Table_1_Cultivation and Transcriptional Analysis of a Canonical Nitrospira Under Stable Growth Conditions.XLSX (2.72 MB)
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Table_1_Cultivation and Transcriptional Analysis of a Canonical Nitrospira Under Stable Growth Conditions.XLSX

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posted on 03.07.2019, 10:36 authored by Aniela B. Mundinger, Christopher E. Lawson, Mike S. M. Jetten, Hanna Koch, Sebastian Lücker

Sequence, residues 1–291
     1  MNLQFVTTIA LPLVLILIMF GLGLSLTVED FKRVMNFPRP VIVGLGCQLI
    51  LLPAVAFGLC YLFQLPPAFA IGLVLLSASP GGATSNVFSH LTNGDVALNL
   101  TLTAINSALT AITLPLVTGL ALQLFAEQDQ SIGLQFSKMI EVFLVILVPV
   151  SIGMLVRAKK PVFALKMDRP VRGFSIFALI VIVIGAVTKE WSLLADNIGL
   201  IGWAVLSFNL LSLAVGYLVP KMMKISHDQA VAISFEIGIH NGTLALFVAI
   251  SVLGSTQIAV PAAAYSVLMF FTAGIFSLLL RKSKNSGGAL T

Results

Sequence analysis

Nitrite-oxidizing bacteria (NOB) are vital players in the global nitrogen cycle that convert nitrite to nitrate during the second step of nitrification. Within this functional guild, members of the genus Nitrospira are most widespread, phylogenetically diverse, and physiologically versatile, and they drive nitrite oxidation in many natural and engineered ecosystems. Despite their ecological and biotechnological importance, our understanding of their energy metabolism is still limited. A major bottleneck for a detailed biochemical characterization of Nitrospira is biomass production, since they are slow-growing and fastidious microorganisms. In this study, we cultivated Nitrospira moscoviensis under nitrite-oxidizing conditions in a continuous stirred tank reactor (CSTR) system. This cultivation setup enabled accurate control of physicochemical parameters and avoided fluctuating levels of their energy substrate nitrite, thus ensuring constant growth conditions and furthermore allowing continuous biomass harvesting. Transcriptomic analyses under these conditions supported the predicted core metabolism of N. moscoviensis, including expression of all proteins required for carbon fixation via the reductive tricarboxylic acid cycle, assimilatory nitrite reduction, and the complete respiratory chain. Here, simultaneous expression of multiple copies of respiratory complexes I and III suggested functional differentiation. The transcriptome also indicated that the previously assumed membrane-bound nitrite oxidoreductase (NXR), the enzyme catalyzing nitrite oxidation, is formed by three soluble subunits. Overall, the transcriptomic data greatly refined our understanding of the metabolism of Nitrospira. Moreover, the application of a CSTR to cultivate Nitrospira is an important foundation for future proteomic and biochemical characterizations, which are crucial for a better understanding of these fascinating microorganisms.